Townend's historic working bank barn
This section of the page features an image gallery, so if you're using a screen reader you may wish to jump to the main content.
Opposite Townend is the barn used by the Browne family.
It is one of the very few remaining bank barns in the Lake District and is still in use today, much like it was in the 18th-century.
The oldest part of the barn was built by George Browne in 1666, with an extension added in the 18th-century. The barn had many uses: not only did the cattle stay in it, it also housed a place for a small carriage, dog kennels and space to dry wood and peat for the fire. Having such a well equipped barn was yet another sign of the Browne family's wealth.
Townend's barn is one of the earliest bank barns in the UK. The bank barn had made its first appearance in Cumbria by the 1660s on the farms of wealthy farmers. Farmers bought drove cattle from Scotland and fattened them over winter in the barns before selling the cattle on in spring.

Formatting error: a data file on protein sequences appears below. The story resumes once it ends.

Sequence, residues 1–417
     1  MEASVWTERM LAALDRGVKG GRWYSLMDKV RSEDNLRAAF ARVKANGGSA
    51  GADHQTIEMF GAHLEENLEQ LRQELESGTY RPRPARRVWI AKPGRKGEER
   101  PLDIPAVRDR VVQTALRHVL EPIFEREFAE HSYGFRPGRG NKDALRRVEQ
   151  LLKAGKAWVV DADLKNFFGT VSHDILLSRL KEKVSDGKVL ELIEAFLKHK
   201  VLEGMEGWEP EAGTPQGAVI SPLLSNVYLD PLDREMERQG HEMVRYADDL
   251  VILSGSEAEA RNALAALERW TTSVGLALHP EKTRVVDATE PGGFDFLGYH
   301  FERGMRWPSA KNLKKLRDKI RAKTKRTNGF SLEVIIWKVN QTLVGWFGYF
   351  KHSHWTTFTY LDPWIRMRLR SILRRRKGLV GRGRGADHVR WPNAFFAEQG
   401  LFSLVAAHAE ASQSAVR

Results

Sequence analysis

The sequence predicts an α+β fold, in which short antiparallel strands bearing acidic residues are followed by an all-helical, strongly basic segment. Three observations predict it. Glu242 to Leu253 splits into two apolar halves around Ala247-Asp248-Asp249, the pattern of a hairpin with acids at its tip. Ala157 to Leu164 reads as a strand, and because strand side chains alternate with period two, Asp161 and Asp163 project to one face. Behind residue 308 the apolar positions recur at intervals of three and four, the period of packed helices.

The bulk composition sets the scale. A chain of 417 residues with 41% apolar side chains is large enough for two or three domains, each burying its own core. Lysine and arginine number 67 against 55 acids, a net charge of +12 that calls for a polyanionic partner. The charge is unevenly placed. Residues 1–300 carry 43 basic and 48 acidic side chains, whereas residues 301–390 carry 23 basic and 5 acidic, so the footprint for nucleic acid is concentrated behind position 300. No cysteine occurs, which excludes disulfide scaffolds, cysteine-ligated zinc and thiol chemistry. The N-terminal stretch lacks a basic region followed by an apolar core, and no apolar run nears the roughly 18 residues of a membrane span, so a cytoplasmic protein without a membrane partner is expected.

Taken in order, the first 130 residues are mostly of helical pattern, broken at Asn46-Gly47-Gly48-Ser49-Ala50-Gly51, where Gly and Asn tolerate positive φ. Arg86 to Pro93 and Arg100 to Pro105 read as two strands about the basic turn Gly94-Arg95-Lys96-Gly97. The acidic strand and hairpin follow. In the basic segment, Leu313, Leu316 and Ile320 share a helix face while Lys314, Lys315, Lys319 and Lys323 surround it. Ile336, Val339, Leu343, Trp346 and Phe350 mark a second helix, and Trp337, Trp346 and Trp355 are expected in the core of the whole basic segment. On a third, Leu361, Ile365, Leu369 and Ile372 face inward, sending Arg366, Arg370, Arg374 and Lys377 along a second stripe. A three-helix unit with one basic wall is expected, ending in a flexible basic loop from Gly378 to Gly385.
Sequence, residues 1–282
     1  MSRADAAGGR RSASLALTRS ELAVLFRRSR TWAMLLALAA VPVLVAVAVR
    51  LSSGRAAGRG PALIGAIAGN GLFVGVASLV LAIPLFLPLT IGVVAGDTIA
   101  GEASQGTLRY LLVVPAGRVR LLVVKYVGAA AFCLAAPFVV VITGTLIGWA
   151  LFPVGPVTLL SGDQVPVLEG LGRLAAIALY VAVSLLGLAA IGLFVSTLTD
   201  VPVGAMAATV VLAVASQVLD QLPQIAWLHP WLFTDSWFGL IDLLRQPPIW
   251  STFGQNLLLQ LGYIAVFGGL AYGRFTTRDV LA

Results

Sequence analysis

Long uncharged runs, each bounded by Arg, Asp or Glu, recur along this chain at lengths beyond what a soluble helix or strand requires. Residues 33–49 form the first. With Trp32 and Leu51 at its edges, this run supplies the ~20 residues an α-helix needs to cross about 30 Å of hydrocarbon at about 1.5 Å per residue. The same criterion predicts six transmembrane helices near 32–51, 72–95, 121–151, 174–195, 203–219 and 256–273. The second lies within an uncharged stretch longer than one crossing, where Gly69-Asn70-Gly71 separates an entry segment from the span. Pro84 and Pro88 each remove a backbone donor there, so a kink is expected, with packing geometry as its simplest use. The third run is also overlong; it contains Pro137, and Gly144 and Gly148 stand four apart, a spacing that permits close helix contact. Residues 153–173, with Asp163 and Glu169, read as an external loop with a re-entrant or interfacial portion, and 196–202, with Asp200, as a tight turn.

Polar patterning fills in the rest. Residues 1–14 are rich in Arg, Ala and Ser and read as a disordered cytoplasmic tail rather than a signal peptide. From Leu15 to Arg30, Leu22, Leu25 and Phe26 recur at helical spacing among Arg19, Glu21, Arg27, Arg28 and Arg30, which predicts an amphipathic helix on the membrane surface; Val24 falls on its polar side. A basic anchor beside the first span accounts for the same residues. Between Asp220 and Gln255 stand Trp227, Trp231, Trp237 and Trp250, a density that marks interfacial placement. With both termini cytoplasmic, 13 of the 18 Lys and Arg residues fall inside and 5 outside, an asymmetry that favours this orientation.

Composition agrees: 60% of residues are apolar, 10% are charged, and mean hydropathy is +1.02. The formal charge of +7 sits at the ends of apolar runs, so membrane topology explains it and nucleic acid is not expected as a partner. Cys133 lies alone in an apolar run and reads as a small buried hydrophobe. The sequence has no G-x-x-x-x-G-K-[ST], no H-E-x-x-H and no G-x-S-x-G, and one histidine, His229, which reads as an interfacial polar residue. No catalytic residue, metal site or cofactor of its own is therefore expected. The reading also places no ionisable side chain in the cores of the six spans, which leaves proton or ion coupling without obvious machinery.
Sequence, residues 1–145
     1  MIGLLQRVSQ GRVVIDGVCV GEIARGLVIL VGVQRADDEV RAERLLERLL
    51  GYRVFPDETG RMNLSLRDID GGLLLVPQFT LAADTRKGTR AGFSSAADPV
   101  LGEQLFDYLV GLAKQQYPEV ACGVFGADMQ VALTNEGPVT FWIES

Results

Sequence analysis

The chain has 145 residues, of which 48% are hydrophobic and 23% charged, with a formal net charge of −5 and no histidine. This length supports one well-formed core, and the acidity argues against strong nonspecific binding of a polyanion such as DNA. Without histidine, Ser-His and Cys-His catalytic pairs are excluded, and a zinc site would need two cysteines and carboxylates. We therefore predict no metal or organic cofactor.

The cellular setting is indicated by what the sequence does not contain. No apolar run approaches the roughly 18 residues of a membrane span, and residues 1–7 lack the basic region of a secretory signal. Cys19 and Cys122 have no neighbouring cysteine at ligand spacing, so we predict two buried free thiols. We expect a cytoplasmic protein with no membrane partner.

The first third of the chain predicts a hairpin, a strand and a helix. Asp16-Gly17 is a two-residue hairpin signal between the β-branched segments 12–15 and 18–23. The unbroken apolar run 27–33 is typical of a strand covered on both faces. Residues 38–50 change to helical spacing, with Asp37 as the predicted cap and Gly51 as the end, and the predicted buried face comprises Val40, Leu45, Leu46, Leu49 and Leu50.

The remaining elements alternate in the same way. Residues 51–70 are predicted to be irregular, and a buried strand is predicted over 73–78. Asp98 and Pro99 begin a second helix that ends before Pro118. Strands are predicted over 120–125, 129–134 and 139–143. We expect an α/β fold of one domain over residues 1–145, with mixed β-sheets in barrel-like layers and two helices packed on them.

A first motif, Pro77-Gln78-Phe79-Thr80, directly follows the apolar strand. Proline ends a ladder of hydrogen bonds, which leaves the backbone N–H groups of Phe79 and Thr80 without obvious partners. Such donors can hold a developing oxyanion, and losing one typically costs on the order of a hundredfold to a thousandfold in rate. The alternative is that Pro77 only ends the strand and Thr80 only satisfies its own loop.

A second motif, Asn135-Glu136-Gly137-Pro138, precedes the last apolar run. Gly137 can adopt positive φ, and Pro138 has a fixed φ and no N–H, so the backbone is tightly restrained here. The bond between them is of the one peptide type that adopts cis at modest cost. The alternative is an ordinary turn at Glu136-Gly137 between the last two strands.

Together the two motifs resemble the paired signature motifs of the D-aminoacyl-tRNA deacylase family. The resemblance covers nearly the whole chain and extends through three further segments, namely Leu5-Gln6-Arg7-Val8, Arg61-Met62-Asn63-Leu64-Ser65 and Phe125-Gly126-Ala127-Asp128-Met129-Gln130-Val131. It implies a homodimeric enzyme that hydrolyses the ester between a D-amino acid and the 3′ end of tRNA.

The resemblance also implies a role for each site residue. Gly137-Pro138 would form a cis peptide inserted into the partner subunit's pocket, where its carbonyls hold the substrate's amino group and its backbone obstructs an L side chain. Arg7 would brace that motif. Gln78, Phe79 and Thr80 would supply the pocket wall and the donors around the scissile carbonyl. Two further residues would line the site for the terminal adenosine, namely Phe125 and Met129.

The great majority of bank barns were built in Cumbria between 1750 and 1860, with the last constructed just prior to the First World War.
The barn at Townend is still in agricultural use, with the farmer using it for lambing and keeping his sheep. It's not open to the public, but you can see it from our garden, or the approach from the car park.